95. Drive (2011) - Nicolas Winding Refn

American Action
Winding Refn seems to be a director that people either love or hate and he is definitely a favourite of mine. In some ways he is my idea of the perfect modern director due to him bringing a strong sense of visual style to somewhat mainstream stories. Perhaps Darren Aronofsky & Tetsuya Nakashima are two other directors who do something similar. This is a relatively standard story with Ryan Gosling playing a getaway driver but the highlight is how brilliantly it is filmed. It makes the action exceedingly exciting and heightens the tension and paranoia. Imagine The Fast & The Furious directed by Jean-Pierre Melville

I've been meaning to see The Killing Fields for years, and think I finally will once I'm done watching the 60's.
The Killing Fields is what Platoon would have been like if Terrence Malick had directed it.

I've been meaning to watch Glengarry Glen Ross, it looks like my kind of film. I definitely gotta get to it soon...

Drive is great, and the comparison you make between F&F and Melville is actually pretty fun. But I wouldn't call this film an action though, more drama/thriller-ish.

Drive introduced me to this great song

And overall a fantastic film, one of the best of the current decade.
Yeah, there's no body mutilation in it

94. Dog Day Afternoon (1975) - Sidney Lumet

American Crime
My favourite of the 10 Lumet films I've seen - with the exception of a brief period in the 80s when he appeared to lose his mind he has a great resume so this is the best of a number of good films. One of Pacino's best films and one of the highlights for me is the performance of John Cazale - such a great actor and IMO the best short career any actor ever had. Overall an excellent combination of story, script & characters.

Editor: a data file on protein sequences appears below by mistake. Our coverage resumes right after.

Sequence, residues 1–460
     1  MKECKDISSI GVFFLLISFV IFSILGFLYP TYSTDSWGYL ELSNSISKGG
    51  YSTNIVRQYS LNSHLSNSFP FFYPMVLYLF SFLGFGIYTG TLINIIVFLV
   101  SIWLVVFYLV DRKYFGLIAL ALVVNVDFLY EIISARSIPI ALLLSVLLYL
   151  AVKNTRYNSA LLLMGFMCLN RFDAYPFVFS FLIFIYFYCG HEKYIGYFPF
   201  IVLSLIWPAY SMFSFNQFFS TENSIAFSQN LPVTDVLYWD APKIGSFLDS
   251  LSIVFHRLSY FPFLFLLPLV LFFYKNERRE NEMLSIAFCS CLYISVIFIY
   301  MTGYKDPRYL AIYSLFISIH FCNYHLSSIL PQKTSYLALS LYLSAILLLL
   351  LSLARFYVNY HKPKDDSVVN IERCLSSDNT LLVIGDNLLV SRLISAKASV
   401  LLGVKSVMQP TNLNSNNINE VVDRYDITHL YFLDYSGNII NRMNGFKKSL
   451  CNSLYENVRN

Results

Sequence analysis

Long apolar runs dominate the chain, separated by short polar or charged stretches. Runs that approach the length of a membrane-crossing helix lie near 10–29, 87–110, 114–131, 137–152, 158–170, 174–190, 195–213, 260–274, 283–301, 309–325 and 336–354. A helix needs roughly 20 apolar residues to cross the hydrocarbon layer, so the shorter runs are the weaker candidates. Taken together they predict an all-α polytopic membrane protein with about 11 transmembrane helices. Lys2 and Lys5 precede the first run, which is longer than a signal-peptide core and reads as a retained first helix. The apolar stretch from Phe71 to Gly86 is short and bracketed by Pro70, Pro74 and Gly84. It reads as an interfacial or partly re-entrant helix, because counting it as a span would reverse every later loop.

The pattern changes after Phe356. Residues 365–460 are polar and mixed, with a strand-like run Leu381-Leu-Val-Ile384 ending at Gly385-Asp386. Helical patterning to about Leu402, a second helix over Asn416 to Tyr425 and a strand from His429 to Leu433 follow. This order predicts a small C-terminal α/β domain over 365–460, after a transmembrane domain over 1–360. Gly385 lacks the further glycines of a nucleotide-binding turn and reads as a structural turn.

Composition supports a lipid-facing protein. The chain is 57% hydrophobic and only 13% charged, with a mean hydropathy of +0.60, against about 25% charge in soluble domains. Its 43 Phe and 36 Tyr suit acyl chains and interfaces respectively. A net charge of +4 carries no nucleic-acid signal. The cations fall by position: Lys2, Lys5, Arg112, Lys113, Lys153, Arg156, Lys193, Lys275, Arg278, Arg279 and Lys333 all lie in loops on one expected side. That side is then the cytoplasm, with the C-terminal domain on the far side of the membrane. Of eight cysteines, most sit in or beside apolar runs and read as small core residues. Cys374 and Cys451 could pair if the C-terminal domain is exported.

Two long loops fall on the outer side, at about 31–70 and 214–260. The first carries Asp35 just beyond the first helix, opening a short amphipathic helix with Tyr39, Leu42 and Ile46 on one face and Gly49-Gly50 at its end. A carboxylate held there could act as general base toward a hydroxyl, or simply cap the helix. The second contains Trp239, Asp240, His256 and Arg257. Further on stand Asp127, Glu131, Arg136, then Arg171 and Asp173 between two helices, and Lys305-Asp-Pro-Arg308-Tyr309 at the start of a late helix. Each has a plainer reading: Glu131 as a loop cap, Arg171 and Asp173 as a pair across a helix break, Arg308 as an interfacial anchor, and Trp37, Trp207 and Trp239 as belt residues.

On the subject of lists, Empire of the Sun is a film that I rarely see in members' lists. In fact, I can't recall seeing it in any... Immensely underrated film! It will be in my top 250.

93. Django Unchained (2012) - Quentin Tarantino

American Western
Tarantino's second best film and my second favourite Western - although whilst I have seen every Tarantino film I haven't seen that many Westerns (something I'm trying to change). From memory the first time I watched this I turned it off halfway through but upon subsequent viewings I loved it. For me the success of the film is built on a couple of things that highlight Tarantino's real talent - a great script and amazing chemistry between his actors. He Is able to take actors who on paper seem to have little in common and have them work really well together on screen. I should point out that this would be much higher on this list if not for the horrible part with Tarantini playing an Australian. No more acting please Quentin.

Shame you docked it so much for QT's s***ty acting, because pretty much everybody else was top notch. I particularly enjoyed the performances by Leonardo DiCaprio, Samuel L. Jackson and the underrated Don Johnson, who was hilarious as Big Daddy.

I have to watch Django again. It's sitting on my shelf but I haven't seen it since the theater. Right now it's my sixth favorite Tarantino but I still loved it. It had third act problems for me.